My stepfather wanted me to update his computer with a copy of Leopard he bought a couple of weeks ago. Normally, I would use Firewire to drag his user folder over to my computer before I do the update just to be sure I have a backup (yes I know there are other ways to back up things, but that isn’t the point). That didn’t work using my new computer because of the same issue of not allowing all files to be dragged over. I had to use my old iBook to safeguard his files before the update. Firewire allowed all the files to be dragged over without a hitch.

    Apple really should rethink this whole Firewire issue. Every Mac should have Firewire. I can live with the fact I can’t use my second generation iPod anymore on this new Macbook, but arguably USB fills the void in that regard. USB and/or Ethernet doesn’t come close to the usefulness of Firewire.

    [ Edited: 15 December 2008 11:04 PM by Terrin ]      
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    Posted: 14 December 2008 11:44 PM #1

    Hi Terrin,

    I agree with everything you said. I was in the market to buy a new MB Pro and was planning to buy one soon as they came out, but I had to think long and hard about the changes in Firewire before I made my purchase.

    I could not believe Firewire was left out of the MacBook. Learning that FW 800 supports target disk mode on the MB Pro was a huge relief. Eliminating FW 400 in favor of FW 800 is evolutionary. Excluding FW on any Mac is a huge step backward. Target disk mode is central to the Mac advantage, plus I use firewire audio interfaces.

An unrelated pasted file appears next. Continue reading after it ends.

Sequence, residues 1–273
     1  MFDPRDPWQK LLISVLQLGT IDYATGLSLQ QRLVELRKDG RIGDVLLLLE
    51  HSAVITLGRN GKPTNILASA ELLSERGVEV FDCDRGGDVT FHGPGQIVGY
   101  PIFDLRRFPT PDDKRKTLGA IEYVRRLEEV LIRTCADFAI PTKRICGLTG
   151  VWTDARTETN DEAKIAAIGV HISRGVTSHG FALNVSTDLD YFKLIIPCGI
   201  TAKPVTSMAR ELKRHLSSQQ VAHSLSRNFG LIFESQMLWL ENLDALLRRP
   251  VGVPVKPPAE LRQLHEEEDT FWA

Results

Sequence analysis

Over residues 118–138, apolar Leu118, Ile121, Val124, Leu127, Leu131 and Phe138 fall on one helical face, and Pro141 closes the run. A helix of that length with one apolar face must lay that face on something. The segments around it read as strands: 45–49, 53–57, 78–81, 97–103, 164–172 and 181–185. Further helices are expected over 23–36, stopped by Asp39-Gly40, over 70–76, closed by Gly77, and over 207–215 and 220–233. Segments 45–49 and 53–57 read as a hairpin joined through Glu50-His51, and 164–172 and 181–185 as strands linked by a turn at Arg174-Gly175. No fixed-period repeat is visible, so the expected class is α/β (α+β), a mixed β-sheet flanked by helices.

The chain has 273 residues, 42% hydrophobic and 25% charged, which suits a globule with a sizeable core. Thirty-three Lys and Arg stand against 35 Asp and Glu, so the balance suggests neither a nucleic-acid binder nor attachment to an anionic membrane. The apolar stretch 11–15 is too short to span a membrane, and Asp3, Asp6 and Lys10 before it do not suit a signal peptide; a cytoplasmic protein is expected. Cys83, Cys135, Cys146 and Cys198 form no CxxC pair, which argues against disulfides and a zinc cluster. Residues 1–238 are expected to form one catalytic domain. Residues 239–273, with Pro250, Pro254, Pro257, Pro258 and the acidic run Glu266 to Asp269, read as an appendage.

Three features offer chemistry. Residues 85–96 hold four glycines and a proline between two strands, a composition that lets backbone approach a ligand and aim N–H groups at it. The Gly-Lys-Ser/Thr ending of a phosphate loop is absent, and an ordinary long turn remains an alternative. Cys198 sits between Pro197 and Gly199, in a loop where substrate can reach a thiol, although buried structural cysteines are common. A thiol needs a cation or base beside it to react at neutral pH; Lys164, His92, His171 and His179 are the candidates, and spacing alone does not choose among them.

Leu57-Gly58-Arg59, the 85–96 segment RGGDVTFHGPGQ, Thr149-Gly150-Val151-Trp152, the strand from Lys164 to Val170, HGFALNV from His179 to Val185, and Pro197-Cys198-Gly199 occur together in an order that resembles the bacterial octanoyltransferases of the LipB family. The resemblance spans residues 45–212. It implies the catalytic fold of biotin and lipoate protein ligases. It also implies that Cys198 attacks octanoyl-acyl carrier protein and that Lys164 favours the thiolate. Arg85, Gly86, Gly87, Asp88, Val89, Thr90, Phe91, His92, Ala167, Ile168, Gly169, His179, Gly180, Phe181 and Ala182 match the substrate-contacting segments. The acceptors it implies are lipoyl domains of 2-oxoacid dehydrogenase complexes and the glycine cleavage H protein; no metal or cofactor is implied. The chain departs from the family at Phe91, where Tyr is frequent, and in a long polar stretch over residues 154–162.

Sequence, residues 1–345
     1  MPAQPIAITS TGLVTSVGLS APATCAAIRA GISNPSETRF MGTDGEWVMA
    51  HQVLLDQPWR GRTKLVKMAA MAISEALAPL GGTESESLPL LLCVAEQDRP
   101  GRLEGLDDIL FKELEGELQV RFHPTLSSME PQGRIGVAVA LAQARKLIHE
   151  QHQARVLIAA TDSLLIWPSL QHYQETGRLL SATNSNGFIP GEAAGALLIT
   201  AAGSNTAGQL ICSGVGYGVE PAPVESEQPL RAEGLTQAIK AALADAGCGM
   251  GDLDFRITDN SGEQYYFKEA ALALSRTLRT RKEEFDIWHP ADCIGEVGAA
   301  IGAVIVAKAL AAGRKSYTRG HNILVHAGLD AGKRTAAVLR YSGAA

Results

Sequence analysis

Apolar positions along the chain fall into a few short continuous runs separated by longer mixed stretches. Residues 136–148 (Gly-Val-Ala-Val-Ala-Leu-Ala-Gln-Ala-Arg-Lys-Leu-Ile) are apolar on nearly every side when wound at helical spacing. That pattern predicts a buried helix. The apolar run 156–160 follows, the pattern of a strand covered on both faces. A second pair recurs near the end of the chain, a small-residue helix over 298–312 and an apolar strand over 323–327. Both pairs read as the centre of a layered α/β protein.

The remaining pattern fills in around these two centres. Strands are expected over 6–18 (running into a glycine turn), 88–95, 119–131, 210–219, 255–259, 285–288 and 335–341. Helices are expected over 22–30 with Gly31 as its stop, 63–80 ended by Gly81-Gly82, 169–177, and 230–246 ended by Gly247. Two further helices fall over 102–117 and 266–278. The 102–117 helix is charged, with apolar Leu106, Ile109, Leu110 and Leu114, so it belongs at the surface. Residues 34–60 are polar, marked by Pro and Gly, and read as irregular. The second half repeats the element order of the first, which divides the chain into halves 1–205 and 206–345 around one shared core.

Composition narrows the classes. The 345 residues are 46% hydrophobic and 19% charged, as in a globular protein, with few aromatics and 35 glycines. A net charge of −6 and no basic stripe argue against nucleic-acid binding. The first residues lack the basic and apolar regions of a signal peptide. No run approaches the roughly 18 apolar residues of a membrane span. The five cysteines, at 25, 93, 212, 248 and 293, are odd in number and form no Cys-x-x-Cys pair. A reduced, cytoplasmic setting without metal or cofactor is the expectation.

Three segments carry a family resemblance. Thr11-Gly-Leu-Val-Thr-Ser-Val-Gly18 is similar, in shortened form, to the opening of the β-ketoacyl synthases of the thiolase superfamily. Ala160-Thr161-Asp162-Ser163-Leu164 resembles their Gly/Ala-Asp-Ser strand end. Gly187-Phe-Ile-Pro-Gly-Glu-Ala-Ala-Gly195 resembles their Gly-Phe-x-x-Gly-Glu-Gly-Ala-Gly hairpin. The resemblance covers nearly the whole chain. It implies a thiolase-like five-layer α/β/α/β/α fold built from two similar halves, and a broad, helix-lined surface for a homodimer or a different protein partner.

Don’t forget to leave feedback with Apple.

         
  • Posted: 15 December 2008 10:59 PM #2

    I have left Steve Jobs an email, and left feedback. I essentially said this is the best Mac I ever bought, however, if I were to do it again I am not sure I would because the lose of Firewire across the entire platform really was a major blow. I now can say from first hand experience that USB and Ethernet do not fill the void.

    jpashin - 15 December 2008 03:44 AM

    Hi Terrin,

    I agree with everything you said. I was in the market to buy a new MB Pro and was planning to buy one soon as they came out, but I had to think long and hard about the changes in Firewire before I made my purchase.